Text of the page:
China has a severe environmental problem and it has dominated the start of the country’s annual legislative meeting. Leaders are trying to ease public fears about air, water, and soil contamination that threaten to disable the country’s economic rise, and are casting doubts on the ruling Communist Party.
Under the Dome, which was viewed by more than 200 million people in just a few days of its release, was removed yesterday from major Chinese websites, including Youku.com. Its disappearance coincides with the annual meeting of the legislature—the National People’s Congress (NPC).
President Xi Jinping said: “We are going to punish, with an iron hand, any violators who destroy ecology or environment, with no exceptions,” at a meeting of NPC deputies from Jiangxi Province, the official Xinhua News Agency reported.
Chai Jing, a former China Central Television reporter, financed and produced the film. She was concerned about the pollution and the impact it was having on people after her infant daughter needed surgery to remove a benign tumor.
Environment Minister Chen Jining compared it to Silent Spring, Rachel Carson’s 1962 take on the environmental damage by the U.S. chemical industry that started a nationwide ban on the use of DDT in agriculture. Other government officials also openly praised the film after its release.
Watch in full the documentary Under the Dome: Investigating China’s Smog:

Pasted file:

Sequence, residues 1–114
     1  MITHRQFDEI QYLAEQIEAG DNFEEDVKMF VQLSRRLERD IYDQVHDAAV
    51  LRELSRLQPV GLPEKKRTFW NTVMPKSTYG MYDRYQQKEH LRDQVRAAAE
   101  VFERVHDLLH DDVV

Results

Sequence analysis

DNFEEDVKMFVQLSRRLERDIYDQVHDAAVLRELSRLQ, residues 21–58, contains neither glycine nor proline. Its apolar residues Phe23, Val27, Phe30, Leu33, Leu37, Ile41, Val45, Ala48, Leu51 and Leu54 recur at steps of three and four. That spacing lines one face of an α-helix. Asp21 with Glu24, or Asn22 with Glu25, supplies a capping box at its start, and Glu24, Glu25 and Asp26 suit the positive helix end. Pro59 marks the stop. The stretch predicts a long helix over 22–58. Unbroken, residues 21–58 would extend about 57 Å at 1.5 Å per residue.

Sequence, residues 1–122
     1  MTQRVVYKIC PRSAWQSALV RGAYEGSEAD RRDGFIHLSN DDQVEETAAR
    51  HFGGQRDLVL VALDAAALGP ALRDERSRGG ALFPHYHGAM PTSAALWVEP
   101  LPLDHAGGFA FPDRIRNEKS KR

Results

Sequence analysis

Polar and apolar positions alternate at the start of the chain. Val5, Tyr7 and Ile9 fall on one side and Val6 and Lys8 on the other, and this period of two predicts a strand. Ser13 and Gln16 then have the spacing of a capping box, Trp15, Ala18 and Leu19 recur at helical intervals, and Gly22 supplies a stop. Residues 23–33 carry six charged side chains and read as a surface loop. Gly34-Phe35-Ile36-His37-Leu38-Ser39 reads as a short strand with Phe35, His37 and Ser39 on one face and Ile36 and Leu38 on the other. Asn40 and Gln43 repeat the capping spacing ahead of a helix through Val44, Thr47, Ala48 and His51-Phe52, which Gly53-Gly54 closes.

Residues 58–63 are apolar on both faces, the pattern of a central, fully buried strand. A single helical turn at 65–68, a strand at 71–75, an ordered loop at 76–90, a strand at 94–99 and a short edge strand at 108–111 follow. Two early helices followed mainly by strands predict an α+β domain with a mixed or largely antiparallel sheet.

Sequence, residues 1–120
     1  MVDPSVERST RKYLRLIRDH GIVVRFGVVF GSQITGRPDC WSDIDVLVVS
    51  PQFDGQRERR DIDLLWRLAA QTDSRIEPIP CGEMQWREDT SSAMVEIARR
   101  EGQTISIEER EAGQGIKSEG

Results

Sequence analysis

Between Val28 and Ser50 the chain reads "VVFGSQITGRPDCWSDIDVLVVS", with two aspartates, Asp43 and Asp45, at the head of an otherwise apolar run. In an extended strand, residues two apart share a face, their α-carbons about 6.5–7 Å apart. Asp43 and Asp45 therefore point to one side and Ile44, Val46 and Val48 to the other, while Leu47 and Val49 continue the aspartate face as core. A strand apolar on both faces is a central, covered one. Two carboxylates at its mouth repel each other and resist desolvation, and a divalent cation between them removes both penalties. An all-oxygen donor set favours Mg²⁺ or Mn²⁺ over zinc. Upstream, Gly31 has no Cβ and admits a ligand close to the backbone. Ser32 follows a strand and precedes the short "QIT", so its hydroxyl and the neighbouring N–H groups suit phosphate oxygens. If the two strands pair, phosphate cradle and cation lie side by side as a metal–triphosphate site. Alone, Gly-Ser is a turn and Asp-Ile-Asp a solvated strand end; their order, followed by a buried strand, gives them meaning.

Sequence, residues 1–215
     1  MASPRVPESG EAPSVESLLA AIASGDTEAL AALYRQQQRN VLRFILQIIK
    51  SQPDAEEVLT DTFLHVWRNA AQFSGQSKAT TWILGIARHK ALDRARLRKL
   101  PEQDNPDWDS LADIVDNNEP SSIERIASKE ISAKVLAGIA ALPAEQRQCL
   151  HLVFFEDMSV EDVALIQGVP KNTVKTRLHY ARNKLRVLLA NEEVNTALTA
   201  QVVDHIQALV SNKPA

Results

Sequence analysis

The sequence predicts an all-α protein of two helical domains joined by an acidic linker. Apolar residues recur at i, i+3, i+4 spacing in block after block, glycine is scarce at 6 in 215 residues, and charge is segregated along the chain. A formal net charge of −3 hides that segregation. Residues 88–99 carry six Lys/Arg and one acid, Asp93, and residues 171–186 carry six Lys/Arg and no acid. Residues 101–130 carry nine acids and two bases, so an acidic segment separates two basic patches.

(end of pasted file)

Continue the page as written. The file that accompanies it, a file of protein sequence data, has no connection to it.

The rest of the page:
The full-length video was missing from streaming sites such as Youku, Sohu, and QQ.
The Wall Street Journal reported that the film had been pulled from websites on orders of the government, citing people familiar with the matter.
At a press conference today held as part of the NPC sessions and scheduled before the video’s disappearance, Chen was not asked about the documentary by reporters called on to raise questions. The minister echoed Xi’s pledge, saying China will use “tough measures” to fight smog, and he also said that the government would provide more transparency for its efforts to protect the environment, reported Bloomberg.
Earlier this week, the minister said he had sent Chai a text message to express his gratitude as she “raised public attention on the environment.” Chen said it reflected “growing public concern over environmental protection and threats to human health,” according to Xinhua.
Air pollution has become a focus of public anger in the past few years, as thick smog has blanketed large parts of the country, with many residents regularly wearing masks to try to protect themselves against the toxins. Ninety percent of the 161 cities whose air quality was monitored in 2014 failed to meet official standards, according to a report by National Bureau of Statistica of China last week.
Environmental degradation, not only of the air, but also of the water and land, is really becoming a problem for both the CCP and the Chinese people, and it won’t be going away anytime soon.